While, the Constitution is being invoked to assert the special provisions for Naga customs, the Nagaland Mother’s Association and other groups are demanding reservation for women in urban local bodies citing the Constitution of India. Article 243 D of the Constitution of India reads,
“The offices of the Chairpersons in the Panchayats at the village or any other level shall be reserved for the Scheduled Castes, the Scheduled Tribes and women in such manner as the Legislature of a State may, by law, provide… Provided further that not less than one-third of the total number of offices of Chairpersons in the Panchayats at each level shall be reserved for women.”
RoseMary Dzuvichu, Director of Women Studies Centre, Nagaland University, and advisor to Naga Mothers’ Association at a discussion on Nagaland, Women and Rights said that as long as Nagas are under the Indian state, we (Naga Women) want what the Indian Constitution provides for us.
The Constitution states that all are equal in front of the law, but NTAC and other such groups demanded the resignation of T. R. Zeliang for not listening to the “peoples” voice. Patricia Mukhim, Editor, Shillong TImes, writes that “the word “people” is bandied around carelessly by groups that seek to promote an exclusively male agenda…”.
The state has not seen elections to the local bodies for the last 16 years because the powerful tribal bodies led by Naga men fear their powers will be reduced. In 2006, under the pressure of these groups, a resolution was passed in the state assembly to call off polls to municipal bodies. The Naga Mother’s Association appealed to the Supreme Court to direct the state government to implement reservation for women in the urban local bodies. Consequently, Nagaland Assembly’s resolution to hold elections with reservations for women has lead to volatile protests from powerful tribal bodies.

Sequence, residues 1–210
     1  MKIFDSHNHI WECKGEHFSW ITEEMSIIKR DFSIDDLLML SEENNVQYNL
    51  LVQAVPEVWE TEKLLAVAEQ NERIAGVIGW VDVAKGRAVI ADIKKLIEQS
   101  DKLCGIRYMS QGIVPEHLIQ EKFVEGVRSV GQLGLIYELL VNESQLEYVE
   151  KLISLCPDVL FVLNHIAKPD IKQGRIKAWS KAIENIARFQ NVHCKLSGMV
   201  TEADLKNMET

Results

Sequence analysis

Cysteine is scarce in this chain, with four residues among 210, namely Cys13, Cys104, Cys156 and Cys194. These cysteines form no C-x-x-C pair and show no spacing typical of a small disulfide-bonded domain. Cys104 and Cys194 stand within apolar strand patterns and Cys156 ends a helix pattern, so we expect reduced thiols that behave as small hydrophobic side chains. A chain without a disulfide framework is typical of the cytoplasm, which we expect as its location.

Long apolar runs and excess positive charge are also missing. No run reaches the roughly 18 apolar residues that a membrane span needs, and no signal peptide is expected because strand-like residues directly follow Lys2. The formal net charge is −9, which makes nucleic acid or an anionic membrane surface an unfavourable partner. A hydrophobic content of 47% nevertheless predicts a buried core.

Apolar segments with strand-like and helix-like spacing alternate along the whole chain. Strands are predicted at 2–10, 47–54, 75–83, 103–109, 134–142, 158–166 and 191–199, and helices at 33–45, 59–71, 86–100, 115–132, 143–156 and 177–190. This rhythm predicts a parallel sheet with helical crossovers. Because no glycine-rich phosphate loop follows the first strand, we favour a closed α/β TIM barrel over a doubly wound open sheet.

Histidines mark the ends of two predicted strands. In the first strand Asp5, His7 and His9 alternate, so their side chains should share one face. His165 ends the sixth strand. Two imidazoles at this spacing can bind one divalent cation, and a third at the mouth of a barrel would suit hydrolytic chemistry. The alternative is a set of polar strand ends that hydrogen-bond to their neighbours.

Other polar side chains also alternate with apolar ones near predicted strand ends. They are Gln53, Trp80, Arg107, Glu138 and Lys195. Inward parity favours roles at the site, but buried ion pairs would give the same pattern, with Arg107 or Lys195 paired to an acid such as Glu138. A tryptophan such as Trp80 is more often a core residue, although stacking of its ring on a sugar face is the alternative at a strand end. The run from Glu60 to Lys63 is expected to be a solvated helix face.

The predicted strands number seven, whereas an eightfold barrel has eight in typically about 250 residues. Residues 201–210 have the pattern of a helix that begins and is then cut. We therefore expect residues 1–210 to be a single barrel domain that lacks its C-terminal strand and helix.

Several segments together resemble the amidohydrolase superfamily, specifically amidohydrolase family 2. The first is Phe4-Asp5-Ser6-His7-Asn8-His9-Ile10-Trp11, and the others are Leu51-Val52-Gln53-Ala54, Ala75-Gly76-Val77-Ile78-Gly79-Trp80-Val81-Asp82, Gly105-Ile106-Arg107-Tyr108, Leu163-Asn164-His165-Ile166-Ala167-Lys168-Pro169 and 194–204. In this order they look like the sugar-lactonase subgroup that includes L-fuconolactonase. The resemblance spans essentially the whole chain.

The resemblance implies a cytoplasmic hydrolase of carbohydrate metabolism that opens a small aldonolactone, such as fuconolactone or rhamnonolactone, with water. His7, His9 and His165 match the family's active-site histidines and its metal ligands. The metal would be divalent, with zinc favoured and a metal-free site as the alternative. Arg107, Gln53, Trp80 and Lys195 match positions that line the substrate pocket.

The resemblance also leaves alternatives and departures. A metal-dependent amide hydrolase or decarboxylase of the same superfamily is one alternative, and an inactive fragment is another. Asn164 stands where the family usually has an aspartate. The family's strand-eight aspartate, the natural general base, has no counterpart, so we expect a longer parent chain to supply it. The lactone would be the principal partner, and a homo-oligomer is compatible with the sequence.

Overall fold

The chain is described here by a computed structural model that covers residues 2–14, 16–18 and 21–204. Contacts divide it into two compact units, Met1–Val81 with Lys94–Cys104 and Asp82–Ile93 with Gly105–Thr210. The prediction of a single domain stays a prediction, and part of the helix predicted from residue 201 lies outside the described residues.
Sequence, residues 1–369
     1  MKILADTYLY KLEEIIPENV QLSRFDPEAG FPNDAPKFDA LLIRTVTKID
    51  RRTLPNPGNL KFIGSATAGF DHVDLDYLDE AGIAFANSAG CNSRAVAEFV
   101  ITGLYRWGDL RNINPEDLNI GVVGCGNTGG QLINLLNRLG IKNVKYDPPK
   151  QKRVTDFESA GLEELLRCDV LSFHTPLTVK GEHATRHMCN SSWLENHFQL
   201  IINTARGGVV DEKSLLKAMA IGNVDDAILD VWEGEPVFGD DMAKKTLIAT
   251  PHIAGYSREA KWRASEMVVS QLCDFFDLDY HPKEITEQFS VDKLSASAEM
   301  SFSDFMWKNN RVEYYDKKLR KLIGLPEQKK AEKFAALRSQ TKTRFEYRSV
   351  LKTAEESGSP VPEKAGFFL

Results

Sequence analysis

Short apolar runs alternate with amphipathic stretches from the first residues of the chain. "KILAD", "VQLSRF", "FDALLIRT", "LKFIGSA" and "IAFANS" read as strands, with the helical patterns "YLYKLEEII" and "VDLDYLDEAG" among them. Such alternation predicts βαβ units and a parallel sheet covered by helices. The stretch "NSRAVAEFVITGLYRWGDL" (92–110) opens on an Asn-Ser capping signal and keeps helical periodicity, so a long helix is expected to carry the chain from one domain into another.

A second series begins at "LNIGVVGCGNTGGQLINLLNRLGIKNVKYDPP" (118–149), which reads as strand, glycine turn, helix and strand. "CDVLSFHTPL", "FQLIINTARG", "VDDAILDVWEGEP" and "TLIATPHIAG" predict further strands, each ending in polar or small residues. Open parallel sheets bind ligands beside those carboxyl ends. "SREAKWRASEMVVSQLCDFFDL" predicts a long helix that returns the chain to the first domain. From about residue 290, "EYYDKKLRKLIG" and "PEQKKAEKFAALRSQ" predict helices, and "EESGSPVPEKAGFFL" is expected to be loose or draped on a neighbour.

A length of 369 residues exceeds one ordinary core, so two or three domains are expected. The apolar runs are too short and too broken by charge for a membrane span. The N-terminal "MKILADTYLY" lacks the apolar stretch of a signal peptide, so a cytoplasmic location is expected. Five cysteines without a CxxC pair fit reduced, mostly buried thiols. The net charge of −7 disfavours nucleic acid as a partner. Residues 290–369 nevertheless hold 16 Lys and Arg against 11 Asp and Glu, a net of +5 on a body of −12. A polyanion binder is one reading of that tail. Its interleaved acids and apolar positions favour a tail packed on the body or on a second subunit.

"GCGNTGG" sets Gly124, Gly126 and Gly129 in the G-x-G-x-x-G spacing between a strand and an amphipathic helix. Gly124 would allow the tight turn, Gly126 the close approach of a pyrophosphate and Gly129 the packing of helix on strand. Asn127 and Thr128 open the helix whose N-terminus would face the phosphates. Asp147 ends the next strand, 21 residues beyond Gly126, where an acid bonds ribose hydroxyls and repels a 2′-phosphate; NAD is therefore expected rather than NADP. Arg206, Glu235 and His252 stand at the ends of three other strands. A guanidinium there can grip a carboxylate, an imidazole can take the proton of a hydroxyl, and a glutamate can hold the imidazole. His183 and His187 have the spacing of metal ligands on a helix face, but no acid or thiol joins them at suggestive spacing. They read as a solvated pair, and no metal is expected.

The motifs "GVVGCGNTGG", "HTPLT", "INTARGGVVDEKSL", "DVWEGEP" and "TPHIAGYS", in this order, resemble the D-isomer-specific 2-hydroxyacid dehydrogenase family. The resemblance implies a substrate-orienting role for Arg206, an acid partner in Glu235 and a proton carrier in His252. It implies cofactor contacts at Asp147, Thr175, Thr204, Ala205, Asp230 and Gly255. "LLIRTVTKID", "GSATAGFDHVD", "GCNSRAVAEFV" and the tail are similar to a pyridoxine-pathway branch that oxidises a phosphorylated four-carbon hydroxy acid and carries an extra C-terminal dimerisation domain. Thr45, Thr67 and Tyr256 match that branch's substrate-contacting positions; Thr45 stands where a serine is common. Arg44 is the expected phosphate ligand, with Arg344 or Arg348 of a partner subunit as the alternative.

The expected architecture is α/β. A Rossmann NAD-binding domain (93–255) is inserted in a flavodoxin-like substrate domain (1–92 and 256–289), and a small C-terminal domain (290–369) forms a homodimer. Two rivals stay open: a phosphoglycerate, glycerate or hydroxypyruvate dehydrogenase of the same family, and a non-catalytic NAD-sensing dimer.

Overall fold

Traditional tribal groups that deny reservation for women, time and again, have proven that Nagaland is also a patriarchal society. This gives more reason for affirmative actions to empower women. The newly appointed Chief Minister needs to settle ties with the powerful tribal groups and immediately hold local body elections with reservation for women in urban constituencies.
It is clear that the political ruling class at the centre will use this polarisation to make inroads into Nagaland and other north-eastern states. Recently, Balbir Punj, MP of Rajya Sabha and Vice-President of BJP, posted a powerfully distorted lie on Twitter. Today, with the politics of polarisation on the rise, the struggle for women's empowerment in Nagaland cannot be seen as separate from the fight against the communal, corporatist state.